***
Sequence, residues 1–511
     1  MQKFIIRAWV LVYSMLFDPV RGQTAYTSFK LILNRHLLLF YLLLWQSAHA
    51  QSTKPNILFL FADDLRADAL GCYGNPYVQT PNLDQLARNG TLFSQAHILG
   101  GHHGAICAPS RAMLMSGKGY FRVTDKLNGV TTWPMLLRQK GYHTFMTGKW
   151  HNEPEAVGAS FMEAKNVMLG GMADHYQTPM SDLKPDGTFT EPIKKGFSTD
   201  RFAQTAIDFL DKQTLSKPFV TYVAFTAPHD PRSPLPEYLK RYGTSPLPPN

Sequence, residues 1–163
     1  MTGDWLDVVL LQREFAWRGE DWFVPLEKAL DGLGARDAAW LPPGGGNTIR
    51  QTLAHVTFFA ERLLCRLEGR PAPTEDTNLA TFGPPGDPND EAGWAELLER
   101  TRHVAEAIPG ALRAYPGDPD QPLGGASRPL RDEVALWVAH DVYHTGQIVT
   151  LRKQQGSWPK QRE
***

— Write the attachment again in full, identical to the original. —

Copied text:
Sequence, residues 1–511
     1  MQKFIIRAWV LVYSMLFDPV RGQTAYTSFK LILNRHLLLF YLLLWQSAHA
    51  QSTKPNILFL FADDLRADAL GCYGNPYVQT PNLDQLARNG TLFSQAHILG
   101  GHHGAICAPS RAMLMSGKGY FRVTDKLNGV TTWPMLLRQK GYHTFMTGKW
   151  HNEPEAVGAS FMEAKNVMLG GMADHYQTPM SDLKPDGTFT EPIKKGFSTD
   201  RFAQTAIDFL DKQTLSKPFV TYVAFTAPHD PRSPLPEYLK RYGTSPLPPN

Sequence, residues 1–163
     1  MTGDWLDVVL LQREFAWRGE DWFVPLEKAL DGLGARDAAW LPPGGGNTIR
    51  QTLAHVTFFA ERLLCRLEGR PAPTEDTNLA TFGPPGDPND EAGWAELLER
   101  TRHVAEAIPG ALRAYPGDPD QPLGGASRPL RDEVALWVAH DVYHTGQIVT
   151  LRKQQGSWPK QRE